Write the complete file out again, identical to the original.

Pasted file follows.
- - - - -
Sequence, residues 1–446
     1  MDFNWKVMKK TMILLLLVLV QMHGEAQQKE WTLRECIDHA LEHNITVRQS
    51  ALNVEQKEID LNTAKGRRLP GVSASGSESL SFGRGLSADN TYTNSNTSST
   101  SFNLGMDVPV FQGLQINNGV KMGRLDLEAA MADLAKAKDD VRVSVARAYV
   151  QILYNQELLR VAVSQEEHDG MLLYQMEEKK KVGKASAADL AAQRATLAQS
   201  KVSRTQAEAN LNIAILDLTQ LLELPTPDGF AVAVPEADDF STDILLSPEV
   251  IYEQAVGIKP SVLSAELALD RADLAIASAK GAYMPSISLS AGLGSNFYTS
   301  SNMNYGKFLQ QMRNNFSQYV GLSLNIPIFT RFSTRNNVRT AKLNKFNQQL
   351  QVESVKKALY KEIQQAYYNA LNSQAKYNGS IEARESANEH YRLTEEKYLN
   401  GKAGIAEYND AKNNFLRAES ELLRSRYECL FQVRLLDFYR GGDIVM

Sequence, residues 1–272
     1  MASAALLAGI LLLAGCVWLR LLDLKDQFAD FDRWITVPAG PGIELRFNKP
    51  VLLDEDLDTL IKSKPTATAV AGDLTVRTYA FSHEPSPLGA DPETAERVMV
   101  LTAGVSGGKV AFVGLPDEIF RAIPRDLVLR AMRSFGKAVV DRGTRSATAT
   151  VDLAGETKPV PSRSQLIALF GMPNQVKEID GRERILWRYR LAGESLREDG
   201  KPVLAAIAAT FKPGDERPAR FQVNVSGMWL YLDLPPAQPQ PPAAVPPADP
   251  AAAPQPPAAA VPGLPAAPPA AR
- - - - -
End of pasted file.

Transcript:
Sequence, residues 1–446
     1  MDFNWKVMKK TMILLLLVLV QMHGEAQQKE WTLRECIDHA LEHNITVRQS
    51  ALNVEQKEID LNTAKGRRLP GVSASGSESL SFGRGLSADN TYTNSNTSST
   101  SFNLGMDVPV FQGLQINNGV KMGRLDLEAA MADLAKAKDD VRVSVARAYV
   151  QILYNQELLR VAVSQEEHDG MLLYQMEEKK KVGKASAADL AAQRATLAQS
   201  KVSRTQAEAN LNIAILDLTQ LLELPTPDGF AVAVPEADDF STDILLSPEV
   251  IYEQAVGIKP SVLSAELALD RADLAIASAK GAYMPSISLS AGLGSNFYTS
   301  SNMNYGKFLQ QMRNNFSQYV GLSLNIPIFT RFSTRNNVRT AKLNKFNQQL
   351  QVESVKKALY KEIQQAYYNA LNSQAKYNGS IEARESANEH YRLTEEKYLN
   401  GKAGIAEYND AKNNFLRAES ELLRSRYECL FQVRLLDFYR GGDIVM

Sequence, residues 1–272
     1  MASAALLAGI LLLAGCVWLR LLDLKDQFAD FDRWITVPAG PGIELRFNKP
    51  VLLDEDLDTL IKSKPTATAV AGDLTVRTYA FSHEPSPLGA DPETAERVMV
   101  LTAGVSGGKV AFVGLPDEIF RAIPRDLVLR AMRSFGKAVV DRGTRSATAT
   151  VDLAGETKPV PSRSQLIALF GMPNQVKEID GRERILWRYR LAGESLREDG
   201  KPVLAAIAAT FKPGDERPAR FQVNVSGMWL YLDLPPAQPQ PPAAVPPADP
   251  AAAPQPPAAA VPGLPAAPPA AR